One of the tools automakers use in electric cars to combat drivers' range anxiety is a range-extending gasoline engine.
These engines essentially act as generators, providing electricity to power a car's electric motor and only rarely driving the wheels directly, if at all.
This provides added flexibility for drivers who want to take longer trips, or who may find themselves without ready access to charging stations.
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Range extenders have also piqued the interest of French carmaker PSA Peugeot Citroën.
PSA is now testing small range extenders made by Israeli startup Aquarius Engines, according to Reuters.
"We are evaluating the technology," PSA R&D director Gilles Le Borgne told the news agency, adding that "nothing has been decided yet" regarding use in future production cars.
2015 BMW i3 REx charging at The Oaks Hotel, Paso Robles, California [photo: Jeff Pantukhoff]
While many range extenders have been repurposed from internal-combustion engines, Aquarius takes a more basic approach.
Its engine is a 0.60-liter, single-cylinder unit, with no valves.
While the valve-less concept is fairly novel, established carmakers have employed very small range extenders before.
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The current BMW i3 REx uses a 0.65-liter 2-cylinder engine, and Audi built a small fleet of prototype A1 e-tron electric cars that used tiny Wankel rotary engines as range extenders.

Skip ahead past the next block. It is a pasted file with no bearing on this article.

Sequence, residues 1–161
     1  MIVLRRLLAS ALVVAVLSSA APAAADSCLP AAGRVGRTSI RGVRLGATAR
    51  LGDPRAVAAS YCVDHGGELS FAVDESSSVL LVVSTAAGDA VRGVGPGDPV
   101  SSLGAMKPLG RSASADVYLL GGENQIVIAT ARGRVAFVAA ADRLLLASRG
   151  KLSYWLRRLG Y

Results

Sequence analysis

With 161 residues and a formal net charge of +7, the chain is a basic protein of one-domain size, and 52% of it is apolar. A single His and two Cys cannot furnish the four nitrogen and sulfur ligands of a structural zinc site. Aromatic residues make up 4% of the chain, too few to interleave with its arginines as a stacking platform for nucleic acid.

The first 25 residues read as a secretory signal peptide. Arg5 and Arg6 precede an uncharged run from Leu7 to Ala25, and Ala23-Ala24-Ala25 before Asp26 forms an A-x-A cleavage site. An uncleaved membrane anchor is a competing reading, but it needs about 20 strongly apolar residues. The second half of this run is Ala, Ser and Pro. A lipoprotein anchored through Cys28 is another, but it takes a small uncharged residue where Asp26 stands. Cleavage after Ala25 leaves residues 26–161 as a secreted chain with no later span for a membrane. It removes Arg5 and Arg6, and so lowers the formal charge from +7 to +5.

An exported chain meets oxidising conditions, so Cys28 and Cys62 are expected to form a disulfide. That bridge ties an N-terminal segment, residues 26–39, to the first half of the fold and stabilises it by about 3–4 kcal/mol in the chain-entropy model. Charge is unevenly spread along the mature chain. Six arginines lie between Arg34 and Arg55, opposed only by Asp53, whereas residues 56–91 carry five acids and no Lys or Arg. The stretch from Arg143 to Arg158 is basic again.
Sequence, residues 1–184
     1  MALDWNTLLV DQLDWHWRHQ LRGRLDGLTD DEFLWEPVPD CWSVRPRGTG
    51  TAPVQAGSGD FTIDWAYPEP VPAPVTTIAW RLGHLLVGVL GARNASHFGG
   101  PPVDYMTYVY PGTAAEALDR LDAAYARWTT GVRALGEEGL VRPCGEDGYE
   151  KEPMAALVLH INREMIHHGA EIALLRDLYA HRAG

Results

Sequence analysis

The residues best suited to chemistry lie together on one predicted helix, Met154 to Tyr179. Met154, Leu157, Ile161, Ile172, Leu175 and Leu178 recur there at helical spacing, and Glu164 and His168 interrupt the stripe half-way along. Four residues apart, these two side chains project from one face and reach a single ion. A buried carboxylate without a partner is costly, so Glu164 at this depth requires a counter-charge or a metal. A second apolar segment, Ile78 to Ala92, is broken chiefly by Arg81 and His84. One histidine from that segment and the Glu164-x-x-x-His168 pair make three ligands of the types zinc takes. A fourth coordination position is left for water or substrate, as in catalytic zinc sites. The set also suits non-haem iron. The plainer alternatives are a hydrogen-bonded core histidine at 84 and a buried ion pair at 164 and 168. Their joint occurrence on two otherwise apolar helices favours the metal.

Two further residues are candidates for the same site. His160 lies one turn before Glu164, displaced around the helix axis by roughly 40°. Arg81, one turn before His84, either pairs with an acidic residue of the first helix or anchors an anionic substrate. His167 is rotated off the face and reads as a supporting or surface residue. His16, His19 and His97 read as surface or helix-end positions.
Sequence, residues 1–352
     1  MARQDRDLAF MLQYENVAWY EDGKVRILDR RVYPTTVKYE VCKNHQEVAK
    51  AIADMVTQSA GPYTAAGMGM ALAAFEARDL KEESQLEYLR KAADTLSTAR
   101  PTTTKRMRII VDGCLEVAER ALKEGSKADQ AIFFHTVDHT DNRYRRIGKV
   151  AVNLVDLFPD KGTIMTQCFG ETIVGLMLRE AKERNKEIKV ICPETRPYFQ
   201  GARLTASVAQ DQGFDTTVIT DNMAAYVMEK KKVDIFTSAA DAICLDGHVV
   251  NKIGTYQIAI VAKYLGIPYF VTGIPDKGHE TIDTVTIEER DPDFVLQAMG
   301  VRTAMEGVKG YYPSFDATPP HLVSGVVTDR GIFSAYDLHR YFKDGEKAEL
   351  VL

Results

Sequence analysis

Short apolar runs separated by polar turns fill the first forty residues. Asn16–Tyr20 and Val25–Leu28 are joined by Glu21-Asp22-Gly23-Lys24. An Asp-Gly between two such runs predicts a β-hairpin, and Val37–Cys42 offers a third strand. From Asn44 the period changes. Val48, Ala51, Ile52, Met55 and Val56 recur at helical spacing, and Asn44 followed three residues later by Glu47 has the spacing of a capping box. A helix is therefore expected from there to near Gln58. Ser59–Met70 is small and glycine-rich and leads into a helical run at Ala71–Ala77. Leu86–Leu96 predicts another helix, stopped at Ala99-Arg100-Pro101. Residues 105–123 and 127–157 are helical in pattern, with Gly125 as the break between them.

Aquarius believes the compactness of its engine and its low cost—it suggests a total vehicle manufacturing cost of $17,000 per car—will make it attractive to carmakers looking to meet stricter global emissions standards.
A lighter and more efficient gasoline range extender will allow automakers to sell electric cars with smaller battery packs, reducing cost in that area, Aquarius reasons.
Audi A1 e-tron Dual-Mode Hybrid
Renault, PSA's French rival, reportedly investigated the Aquarius system and opted to pass on it.
Renault and its partner Nissan together have built more all-electric cars than any other company, recently passing the 340,000-unit mark.
In comparison, PSA has shown relatively little interest in electric cars.
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It currently sells re-badged Mitsubishi i-MiEVs as the Peugeot iOn and Citroën C-Zero, the Citroën E-Mehari crossover, and electric versions of the Peugeot Partner and Citroën Berlingo vans.
The company may soon get a strong incentive to launch more electric cars, though.
European Union regulators are reportedly drafting stricter emissions standards that would take effect after 2021, the limit of the current set of standards.
[hat tip: Brian of Israel]
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